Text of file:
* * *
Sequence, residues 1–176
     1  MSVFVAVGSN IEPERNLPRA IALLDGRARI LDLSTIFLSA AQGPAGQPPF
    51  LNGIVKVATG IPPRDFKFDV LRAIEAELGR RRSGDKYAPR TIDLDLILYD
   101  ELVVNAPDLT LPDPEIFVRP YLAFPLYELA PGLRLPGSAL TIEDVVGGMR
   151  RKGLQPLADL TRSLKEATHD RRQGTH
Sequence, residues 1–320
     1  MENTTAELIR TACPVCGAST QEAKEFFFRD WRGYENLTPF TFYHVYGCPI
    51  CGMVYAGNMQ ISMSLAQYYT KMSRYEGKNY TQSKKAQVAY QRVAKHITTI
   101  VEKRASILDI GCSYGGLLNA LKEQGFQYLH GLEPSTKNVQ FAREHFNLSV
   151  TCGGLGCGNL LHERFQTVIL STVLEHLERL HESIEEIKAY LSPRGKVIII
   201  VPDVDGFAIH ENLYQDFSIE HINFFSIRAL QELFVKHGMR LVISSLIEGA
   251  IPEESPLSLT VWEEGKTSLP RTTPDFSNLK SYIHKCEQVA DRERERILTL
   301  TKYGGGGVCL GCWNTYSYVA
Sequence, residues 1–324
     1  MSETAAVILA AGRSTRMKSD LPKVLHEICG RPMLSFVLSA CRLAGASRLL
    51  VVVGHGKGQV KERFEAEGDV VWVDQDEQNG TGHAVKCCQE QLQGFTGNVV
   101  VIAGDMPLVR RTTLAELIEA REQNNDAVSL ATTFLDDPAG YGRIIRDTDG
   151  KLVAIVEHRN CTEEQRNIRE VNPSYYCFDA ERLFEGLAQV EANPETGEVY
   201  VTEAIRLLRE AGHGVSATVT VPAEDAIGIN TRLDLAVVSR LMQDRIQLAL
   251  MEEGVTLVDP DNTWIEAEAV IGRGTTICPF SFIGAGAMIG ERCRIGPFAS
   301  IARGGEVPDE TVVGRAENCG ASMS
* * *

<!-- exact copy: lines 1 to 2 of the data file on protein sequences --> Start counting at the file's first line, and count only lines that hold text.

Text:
Sequence, residues 1–176
     1  MSVFVAVGSN IEPERNLPRA IALLDGRARI LDLSTIFLSA AQGPAGQPPF